I guess that this what it is all about. The Israeli hawks want to counter the inevitable ‘demographic disaster’. They would offer West Bank Palestinians Israeli ID cards, and offer them to “enjoy ice cream in Tel Aviv” as long as they are kept as a minority. The Israeli hawks ignore Gaza and the right of return. In practice they dismiss the Palestinian cause for they are certain that the Jewish one is superior. In short, this is not a solution or a resolution. It is just another Zionist spin that is planted in our discourse in order to disseminate confusion.


The Israel/Palestine one-state solution sounds like a good idea, but…

Solving the problem of Israel/Palestine isn’t rocket science: the solution is obvious. We just have to get serious about it

By Roger Tucker

18 June 2010

Roger Tucker outlines the case for a one-state solution to the Palestine-Israel conflict, arguing that this is the only formula that would provide peace, justice and security for Jews and Palestinians and avoid a possible catastrophe for the rest of the world.


Shocker: Speaker of Knesset calls for making one state with Palestinian citizens

bandannie : applied fairly it is the only solution

by Philip Weiss on April 29, 2010 · 41 comments

Amazing. My heart is leaping. Once again, the Israeli press and the Israeli discourse is way ahead of the American one, where the belief in a thriving “Jewish democracy” stops all free thinking. Here is the speaker of the Knesset, Reuven Rivlin, saying that Palestinians are a part of Israel, we ate the West Bank a long time ago, so let’s forget about this two-state crap and make them citizens. He meets Ali Abunimah on Abunimah’s fair and democratic ground. He dismisses the New Republic’s hysteria about the delegitimization of the Jewish state. He answers the great challenge to the Israeli psyche– At the end of every sentence in Hebrew is an Arab smoking a hookah– with ringing affirmation.

Note that Rivlin is a Likudnik, about the same age as Judge Goldstone. Note that you will never see such creative thinking in Washington, where the Diaspora Jews are about 50 lightyears behind the realities of the Middle East, locked in fearful, reactive Holocaust consciousness and dumb to the murderous occupation and the cycle of violence. Will anyone in the US pick up the ball? Put another way, How many times have friends murmured to me, I’d be for a binational state [translation, I’d be for democracy] if only there wouldn’t be a ton of bloodshed getting there. I’ve murmured that myself. Well isn’t that just a matter of imagining? The most disputed territory is the space between American Jews’ ears. Enough drumroll, Haaretz:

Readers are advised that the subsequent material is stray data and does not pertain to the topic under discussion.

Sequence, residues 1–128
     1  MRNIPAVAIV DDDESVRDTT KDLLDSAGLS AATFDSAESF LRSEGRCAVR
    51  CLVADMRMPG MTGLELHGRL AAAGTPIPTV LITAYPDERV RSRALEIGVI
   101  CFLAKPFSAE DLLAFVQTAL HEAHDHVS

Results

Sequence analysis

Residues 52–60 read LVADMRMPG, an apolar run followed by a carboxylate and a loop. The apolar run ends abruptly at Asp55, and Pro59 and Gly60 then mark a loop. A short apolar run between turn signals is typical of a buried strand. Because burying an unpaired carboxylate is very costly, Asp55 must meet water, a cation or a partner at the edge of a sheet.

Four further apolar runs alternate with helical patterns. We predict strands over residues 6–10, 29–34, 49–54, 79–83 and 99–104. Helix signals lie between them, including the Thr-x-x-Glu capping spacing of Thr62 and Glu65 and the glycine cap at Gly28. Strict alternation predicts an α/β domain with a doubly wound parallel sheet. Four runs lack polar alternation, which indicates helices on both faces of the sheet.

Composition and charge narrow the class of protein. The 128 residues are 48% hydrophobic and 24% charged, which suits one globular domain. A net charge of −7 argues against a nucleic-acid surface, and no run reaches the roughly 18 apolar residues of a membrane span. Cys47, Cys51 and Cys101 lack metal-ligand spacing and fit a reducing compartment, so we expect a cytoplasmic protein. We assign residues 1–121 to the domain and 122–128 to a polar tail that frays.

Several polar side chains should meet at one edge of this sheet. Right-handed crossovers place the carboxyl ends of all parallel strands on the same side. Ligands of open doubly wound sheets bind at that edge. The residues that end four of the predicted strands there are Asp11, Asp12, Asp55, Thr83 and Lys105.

Knesset Speaker Reuven Rivlin said Thursday that he would rather accept Palestinians as Israeli citizens than divide Israel and the West Bank in a future two-state peace solution.

Speaking during a meeting with Greece’s ambassador to Israel Kyriakos Loukakis, Rivlin said that he did not see any point of Israel signing a peace agreement with the Palestinian Authority as he did not believe PA President Mahmoud Abbas “could deliver the goods.”

Referring to the possibility that such an agreement could be reached, Rivlin said: “I would rather Palestinians as citizens of this country over dividing the land up.”


Israel: The Alternative

By Tony Judt
The Middle East peace process is finished. It did not die: it was killed. Mahmoud Abbas was undermined by the President of the Palestinian Authority and humiliated by the Prime Minister of Israel. His successor awaits a similar fate. Israel continues to mock its American patron, building illegal settlements in cynical disregard of the “road map.” The President of the United States of America has been reduced to a ventriloquist’s dummy, pitifully reciting the Israeli cabinet line: “It’s all Arafat’s fault.” Israelis themselves grimly await the next bomber. Palestinian Arabs, corralled into shrinking Bantustans, subsist on EU handouts. On the corpse-strewn landscape of the Fertile Crescent, Ariel Sharon, Yasser Arafat, and a handful of terrorists can all claim victory, and they do. Have we reached the end of the road? What is to be done?

read here

The Inevitable Bi-national Regime

BenvenistiJanuary 2010

The article below, an extract from a longer book, was published today in the Hebrew edition of Ha’aretz. It did not appear in the English edition but has been translated by Profs Zalman Amit and Daphna Levitt and circualted by email.

Introduction to an interview with Benvenisti in Challenge magazine, # 99, September – October 2006

Meron Benvenisti’s unflinching analyses often cause squirming both on the Right and the Left. He served as Deputy Mayor of Jerusalem in the 1970’s, administering the city’s annexed Arab sections. In the 1980’s, before the first Intifada, he founded and directed the West Bank Data Project, an eye-opener with regard to the effects of Israel’s policies. His most controversial conclusion was that these policies amounted to de facto annexation. He claimed that because of the settlements (then a mere smattering compared to today), the situation had become irreversible. As a corollary, Benvenisti has long maintained that, given the realities of population and resources, the land between the Jordan and the Mediterranean cannot accommodate two states.

read on